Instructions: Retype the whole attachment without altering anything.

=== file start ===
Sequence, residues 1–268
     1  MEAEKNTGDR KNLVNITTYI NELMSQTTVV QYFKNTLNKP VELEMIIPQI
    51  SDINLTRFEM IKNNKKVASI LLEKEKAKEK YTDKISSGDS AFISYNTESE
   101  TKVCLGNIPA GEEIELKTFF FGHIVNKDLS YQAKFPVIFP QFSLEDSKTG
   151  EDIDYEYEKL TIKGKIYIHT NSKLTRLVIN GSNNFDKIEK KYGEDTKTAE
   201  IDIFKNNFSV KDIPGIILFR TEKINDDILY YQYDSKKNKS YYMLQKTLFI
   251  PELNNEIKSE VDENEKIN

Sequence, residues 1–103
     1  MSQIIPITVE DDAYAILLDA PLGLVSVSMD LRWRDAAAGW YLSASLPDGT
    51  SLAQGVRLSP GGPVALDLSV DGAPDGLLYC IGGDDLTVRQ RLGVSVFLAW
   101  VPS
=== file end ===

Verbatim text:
Sequence, residues 1–268
     1  MEAEKNTGDR KNLVNITTYI NELMSQTTVV QYFKNTLNKP VELEMIIPQI
    51  SDINLTRFEM IKNNKKVASI LLEKEKAKEK YTDKISSGDS AFISYNTESE
   101  TKVCLGNIPA GEEIELKTFF FGHIVNKDLS YQAKFPVIFP QFSLEDSKTG
   151  EDIDYEYEKL TIKGKIYIHT NSKLTRLVIN GSNNFDKIEK KYGEDTKTAE
   201  IDIFKNNFSV KDIPGIILFR TEKINDDILY YQYDSKKNKS YYMLQKTLFI
   251  PELNNEIKSE VDENEKIN

Sequence, residues 1–103
     1  MSQIIPITVE DDAYAILLDA PLGLVSVSMD LRWRDAAAGW YLSASLPDGT
    51  SLAQGVRLSP GGPVALDLSV DGAPDGLLYC IGGDDLTVRQ RLGVSVFLAW
   101  VPS